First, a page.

The shortest path in the energy grid between Ukraine and the UK.

This type of network analysis is crucial to infrastructure managers. It helps uncover vulnerabilities and bottlenecks, model the impact incidents and outages may have on the network, and carry out critical contingency planning.

If we don’t want to run a fresh query against the database, we can use ReGraph’s own powerful graph analysis engine to find the shortest path in the browser:

shortestPaths(items, 5286, 14158, { value: 'weight' }).then((result) => {
 const newItems = { ...items };
 forEach(newItems, (val, key) => {
   if (!result.newItems[key]) {
     val.fade = true;
   }
 });
 setItems(newItems);
});

Smart node grouping using combos

Different views of the same data can often reveal further insight.

Here we’ve combined nodes by country and sized them by how many data points they contain. The result is a far simpler chart, but with the option to double-click on a combo to reveal the country-specific network inside.

You notice at a glance that Spain, France and Russia contain the highest number of energy grid busses and lines compared with other European countries.
You notice at a glance that Spain, France and Russia contain the highest number of energy grid busses and lines compared with other European countries.

“Opening” these combos shows the grid inside the country in its own, self-contained node.

visualizing network infrastructure - A topological view of the data makes clear the interdependencies between different countries.
A topological view of the data makes clear the interdependencies between different countries.

Investigating hierarchies

We can also take advantage of alternative layouts to get a different view of the same data.

This example of the sequential layout takes a hierarchical approach to the energy grid dataset, with tiers of data running right to left.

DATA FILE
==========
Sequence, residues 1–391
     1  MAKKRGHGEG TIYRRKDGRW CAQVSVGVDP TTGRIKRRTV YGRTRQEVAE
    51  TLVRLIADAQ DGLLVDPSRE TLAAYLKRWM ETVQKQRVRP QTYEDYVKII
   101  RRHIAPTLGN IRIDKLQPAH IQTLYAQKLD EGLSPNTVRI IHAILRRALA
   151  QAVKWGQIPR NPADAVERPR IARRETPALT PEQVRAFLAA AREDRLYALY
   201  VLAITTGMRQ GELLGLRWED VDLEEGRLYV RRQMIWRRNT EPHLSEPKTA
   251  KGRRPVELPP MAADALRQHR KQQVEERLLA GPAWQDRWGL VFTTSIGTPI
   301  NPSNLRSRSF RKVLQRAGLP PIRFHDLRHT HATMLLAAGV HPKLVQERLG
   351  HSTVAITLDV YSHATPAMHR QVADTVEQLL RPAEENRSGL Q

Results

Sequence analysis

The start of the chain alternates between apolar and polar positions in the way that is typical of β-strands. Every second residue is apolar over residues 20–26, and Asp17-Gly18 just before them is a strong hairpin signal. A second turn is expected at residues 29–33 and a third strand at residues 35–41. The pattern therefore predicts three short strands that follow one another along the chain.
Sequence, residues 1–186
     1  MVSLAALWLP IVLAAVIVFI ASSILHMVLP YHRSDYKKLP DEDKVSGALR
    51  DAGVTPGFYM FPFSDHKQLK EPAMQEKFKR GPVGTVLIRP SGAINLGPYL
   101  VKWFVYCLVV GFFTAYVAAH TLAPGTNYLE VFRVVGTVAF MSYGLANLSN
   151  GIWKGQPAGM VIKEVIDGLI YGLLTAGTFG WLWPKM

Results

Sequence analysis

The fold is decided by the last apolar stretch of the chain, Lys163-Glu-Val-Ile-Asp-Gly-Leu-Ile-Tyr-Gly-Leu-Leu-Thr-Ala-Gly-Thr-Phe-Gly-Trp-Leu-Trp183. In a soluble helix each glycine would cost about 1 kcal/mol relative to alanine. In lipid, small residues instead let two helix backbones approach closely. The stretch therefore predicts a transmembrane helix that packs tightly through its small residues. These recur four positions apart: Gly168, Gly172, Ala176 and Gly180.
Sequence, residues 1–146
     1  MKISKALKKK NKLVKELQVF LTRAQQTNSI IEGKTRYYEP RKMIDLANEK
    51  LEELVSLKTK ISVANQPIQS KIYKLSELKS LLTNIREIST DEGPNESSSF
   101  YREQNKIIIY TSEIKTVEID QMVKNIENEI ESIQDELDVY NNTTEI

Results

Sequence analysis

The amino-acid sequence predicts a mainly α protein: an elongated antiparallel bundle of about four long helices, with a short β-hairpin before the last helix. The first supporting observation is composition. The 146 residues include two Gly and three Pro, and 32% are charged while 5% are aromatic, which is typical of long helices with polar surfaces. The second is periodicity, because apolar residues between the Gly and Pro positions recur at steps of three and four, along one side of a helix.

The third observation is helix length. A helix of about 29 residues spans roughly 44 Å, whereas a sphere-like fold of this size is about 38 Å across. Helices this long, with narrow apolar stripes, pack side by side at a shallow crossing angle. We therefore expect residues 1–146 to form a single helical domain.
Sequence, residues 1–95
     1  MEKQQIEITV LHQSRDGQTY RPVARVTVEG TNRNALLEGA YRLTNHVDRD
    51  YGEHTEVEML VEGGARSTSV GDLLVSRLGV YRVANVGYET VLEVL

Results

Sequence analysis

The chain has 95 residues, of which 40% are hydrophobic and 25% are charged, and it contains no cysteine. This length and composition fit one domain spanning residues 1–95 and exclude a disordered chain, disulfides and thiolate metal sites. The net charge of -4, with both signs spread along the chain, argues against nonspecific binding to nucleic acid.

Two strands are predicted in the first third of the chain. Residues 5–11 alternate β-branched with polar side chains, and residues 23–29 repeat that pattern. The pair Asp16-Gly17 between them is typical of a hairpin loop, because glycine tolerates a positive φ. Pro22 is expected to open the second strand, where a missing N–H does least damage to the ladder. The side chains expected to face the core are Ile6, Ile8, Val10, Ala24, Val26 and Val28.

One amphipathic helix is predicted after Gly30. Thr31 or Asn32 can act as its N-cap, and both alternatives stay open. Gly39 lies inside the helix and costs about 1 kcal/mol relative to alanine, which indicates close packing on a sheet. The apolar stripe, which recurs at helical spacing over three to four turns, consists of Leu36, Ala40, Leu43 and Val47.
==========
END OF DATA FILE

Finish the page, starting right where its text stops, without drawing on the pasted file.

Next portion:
Visualizing the levels of dependency in our energy infrastructure data.
Visualizing the levels of dependency in our energy infrastructure data.

Using our geolocation coordinates, we can even overlay these combos back onto the map to see how heavily western Europe relies on reliable pipelines from the east.

visualizing network infrastructure - Plotting our sequential data on the map.
Plotting our sequential data on the map.

Integrating Memgraph with ReGraph

For this blog post, I followed Memgraph’s quick start guide and chose the Docker approach as it’s trivial to create our database instance, ready for importing.

To allow ReGraph to talk to the graph, we’ve created a simple node.js Express Server. There are two endpoints: one for searching for strings, and the other for loading from a specific ID.

Now we just need a way to convert the Memgraph data into a format that ReGraph recognizes. Here’s where familiarity with Neo4j is our friend because the process is the same.

We simply install the neo4j-driver node module, so we can use openCypher and the Bolt protocol. Here’s a generalized snippet to allow us to talk to the database with the driver in JavaScript.

import neo4j from 'neo4j-driver';
 
import convertCypherResponse from './convertCypherResponse';
 
const queryCypherEndpoint = (url, query, options = {}) => {
 const driver = neo4j.driver(`bolt://${url}`, neo4j.auth.basic('', ''));
 const session = driver.session();
 let response;
 return session
   .run(query, {})
   .then((result) => {
     console.log(result);
     response = result;
   })
   .catch((error) => {
     console.log(error);
   })
   .then(() => {
     session.close();
     return convertCypherResponse(response);
   });
};
 
export default queryCypherEndpoint;